Comments on MIL-STD-1862, 28 May 1980.

I quote the document’s opening paragraph:

"1.1 Scope. This standard defines the Instruction set architecture for the Military Computer Family (MCF) of the U.S. Army. The instruction set architecture includes all information required by a programmer in order to write any time independent program which will execute on computers conforming to this standard."

Very wisely, its authors have remained anonymous, for its English is atrocious. (For instance: delete in the first quoted sentence "architecture", and replace in the second quoted sentence "The instruction set architecture" by "It", "time independent" by "time-independent", and "which will execute on" by "for". The verb" to execute" is really transitive!)

Its lousy use of English doesn't only make the text ugly, but also makes it obscure. Sometimes a bit is 0 or 1, sometimes a bit is set or clear, and sometimes a bit is set or reset. With a word size of 32 bits the sentence "This 16 bit [should be 16-bit] descriptor will be aligned on a word boundary." isn't very clear. I was duly puzzled by "The Implementation Virtual Address space [should this be: Space?] is the minimum of the distinct virtual addresses which can be generated and mapped using an addressing mode with memory mapping enabled." Also by "the implementation virtual address space shall be a minimum of 224 bytes or 8 times the maximum implemented physical address space, whichever is greater." (These sentences still puzzle me.) The obscurities quoted are only examples.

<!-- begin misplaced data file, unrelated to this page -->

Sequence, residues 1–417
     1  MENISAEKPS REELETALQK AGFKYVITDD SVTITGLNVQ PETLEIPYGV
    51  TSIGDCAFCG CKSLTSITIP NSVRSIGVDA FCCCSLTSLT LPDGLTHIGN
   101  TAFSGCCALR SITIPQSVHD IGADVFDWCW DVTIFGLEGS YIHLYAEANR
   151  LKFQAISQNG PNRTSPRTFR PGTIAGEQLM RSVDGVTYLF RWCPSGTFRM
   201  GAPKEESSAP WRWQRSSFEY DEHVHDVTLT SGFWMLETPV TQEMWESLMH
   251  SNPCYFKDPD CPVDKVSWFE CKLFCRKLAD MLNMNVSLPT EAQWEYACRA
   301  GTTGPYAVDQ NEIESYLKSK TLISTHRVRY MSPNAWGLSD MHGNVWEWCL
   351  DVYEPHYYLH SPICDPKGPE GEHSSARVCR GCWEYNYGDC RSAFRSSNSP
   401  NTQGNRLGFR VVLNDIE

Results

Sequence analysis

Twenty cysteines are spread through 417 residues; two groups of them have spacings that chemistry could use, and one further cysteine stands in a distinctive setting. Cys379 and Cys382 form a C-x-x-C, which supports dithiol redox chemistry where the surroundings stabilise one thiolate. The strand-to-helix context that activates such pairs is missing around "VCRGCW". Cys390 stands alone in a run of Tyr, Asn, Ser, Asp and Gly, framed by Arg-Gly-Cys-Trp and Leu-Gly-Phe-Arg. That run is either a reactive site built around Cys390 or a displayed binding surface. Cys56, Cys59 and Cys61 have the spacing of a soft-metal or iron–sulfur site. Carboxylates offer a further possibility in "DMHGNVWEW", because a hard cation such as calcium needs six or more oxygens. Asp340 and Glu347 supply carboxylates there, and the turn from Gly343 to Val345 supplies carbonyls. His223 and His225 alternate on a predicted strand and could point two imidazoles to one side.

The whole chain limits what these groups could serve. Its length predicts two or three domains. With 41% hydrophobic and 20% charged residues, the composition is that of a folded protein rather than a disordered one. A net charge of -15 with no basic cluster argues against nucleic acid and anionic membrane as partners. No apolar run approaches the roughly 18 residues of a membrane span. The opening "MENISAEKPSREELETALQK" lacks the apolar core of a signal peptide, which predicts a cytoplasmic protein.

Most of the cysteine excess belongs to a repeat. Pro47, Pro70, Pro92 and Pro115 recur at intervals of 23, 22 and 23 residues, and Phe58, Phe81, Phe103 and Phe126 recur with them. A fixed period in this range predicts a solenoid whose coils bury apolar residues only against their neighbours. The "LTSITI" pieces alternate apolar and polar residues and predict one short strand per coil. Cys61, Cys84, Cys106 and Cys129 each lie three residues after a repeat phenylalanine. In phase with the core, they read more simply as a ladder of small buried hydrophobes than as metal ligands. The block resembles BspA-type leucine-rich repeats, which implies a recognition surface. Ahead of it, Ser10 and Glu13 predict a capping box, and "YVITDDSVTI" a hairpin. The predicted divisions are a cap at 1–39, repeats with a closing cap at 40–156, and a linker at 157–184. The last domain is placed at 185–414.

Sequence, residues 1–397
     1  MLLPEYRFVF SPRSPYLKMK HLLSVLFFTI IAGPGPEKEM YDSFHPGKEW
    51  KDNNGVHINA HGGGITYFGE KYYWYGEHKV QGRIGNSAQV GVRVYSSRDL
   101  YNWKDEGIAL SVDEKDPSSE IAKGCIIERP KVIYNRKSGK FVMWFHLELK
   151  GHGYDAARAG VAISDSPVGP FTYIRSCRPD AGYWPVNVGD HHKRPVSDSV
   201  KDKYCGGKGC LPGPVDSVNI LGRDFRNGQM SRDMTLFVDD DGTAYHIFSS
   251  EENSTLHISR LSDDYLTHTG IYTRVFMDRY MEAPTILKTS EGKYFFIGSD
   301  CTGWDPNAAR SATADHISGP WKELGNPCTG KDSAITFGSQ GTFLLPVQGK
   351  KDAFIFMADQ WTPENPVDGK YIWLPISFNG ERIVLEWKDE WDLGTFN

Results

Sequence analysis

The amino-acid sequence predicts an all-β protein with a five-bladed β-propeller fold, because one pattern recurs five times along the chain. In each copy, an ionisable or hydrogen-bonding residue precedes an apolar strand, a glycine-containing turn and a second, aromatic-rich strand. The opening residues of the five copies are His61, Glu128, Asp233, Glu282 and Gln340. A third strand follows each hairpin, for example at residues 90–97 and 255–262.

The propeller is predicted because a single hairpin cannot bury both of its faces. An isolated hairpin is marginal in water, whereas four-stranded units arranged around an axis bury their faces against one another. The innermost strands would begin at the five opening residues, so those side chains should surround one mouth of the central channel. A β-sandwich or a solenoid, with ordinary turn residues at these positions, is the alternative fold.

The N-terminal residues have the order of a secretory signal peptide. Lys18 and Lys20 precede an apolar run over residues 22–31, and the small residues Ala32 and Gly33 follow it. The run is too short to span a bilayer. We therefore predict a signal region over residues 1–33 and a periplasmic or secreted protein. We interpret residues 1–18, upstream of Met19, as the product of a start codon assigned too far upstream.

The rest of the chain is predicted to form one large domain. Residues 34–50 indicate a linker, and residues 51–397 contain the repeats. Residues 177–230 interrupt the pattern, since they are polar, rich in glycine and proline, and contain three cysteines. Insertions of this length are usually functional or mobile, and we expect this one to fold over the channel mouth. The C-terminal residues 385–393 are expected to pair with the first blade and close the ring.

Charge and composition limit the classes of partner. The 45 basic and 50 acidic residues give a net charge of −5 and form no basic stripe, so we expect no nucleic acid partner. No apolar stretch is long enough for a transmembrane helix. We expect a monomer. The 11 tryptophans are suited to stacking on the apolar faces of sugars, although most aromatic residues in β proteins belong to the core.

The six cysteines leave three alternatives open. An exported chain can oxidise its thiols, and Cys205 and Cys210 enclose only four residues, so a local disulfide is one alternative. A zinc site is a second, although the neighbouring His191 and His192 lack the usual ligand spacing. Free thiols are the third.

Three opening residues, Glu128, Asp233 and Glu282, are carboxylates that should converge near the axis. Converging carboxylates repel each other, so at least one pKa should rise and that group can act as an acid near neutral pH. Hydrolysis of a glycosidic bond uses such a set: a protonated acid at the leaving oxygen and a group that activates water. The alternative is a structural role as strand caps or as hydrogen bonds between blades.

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The document contains no formal syntax of the syntactic category <instruction>. The document contains no formal definition of the semantics; each time the informal semantics is "explained" by an example. The document is schizophrenic in the sense that, besides attempting to give a functional specification for a piece of hardware, it also gives what looks like an assembly code. The latter is not explained at all, yet we find it used in the "explanatory" examples. To be used as a standard, the document is, as a result, profoundly inadequate; we must judge its anonymous authors as insufficiently competent.

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The authors pride themselves that the instruction set has been tightly coded. Strictly speaking that claim is empty without explicit assumption about the frequency distribution of the various instructions; I think that for most distributions encountered in practice the claim can, indeed, be justified. If I have interpreted the standard correctly, the tight coding is, however, not without anomalies, e.g.: if the register in question is not R0 (= program counter), Indirect Register Mode is equivalent to Register Indexed Mode with the displacement = 0. In contrast to the Scaled Index Mode, which can address bytes, half words, words, and doublewords, Unscaled Index Mode can only address the first three, but no doublewords (like Indirect Register Mode and Register Index Mode). Scaled Index Mode gives the option of addressing a halfword either as a single halfword or as a double byte; similarly a word may be either a single word or a double halfword. Finally, indirect addressing of double word seems only possible by means of Scaled Index Mode with the index set to zero.